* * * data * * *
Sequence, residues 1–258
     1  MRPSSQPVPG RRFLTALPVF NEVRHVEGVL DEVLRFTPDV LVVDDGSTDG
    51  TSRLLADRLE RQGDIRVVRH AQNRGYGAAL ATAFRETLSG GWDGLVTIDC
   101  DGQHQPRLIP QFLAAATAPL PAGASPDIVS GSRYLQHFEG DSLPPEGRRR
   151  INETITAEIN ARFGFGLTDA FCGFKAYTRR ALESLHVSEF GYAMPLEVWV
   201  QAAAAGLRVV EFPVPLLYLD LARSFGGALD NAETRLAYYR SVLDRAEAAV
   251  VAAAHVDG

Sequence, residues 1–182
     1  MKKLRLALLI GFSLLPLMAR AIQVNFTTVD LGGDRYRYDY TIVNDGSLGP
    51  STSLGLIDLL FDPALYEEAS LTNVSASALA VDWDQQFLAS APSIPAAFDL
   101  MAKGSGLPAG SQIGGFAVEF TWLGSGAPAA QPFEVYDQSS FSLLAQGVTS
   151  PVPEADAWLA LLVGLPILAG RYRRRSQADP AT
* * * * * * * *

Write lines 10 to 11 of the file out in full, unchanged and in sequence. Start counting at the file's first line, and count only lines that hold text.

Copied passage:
    51  STSLGLIDLL FDPALYEEAS LTNVSASALA VDWDQQFLAS APSIPAAFDL
   101  MAKGSGLPAG SQIGGFAVEF TWLGSGAPAA QPFEVYDQSS FSLLAQGVTS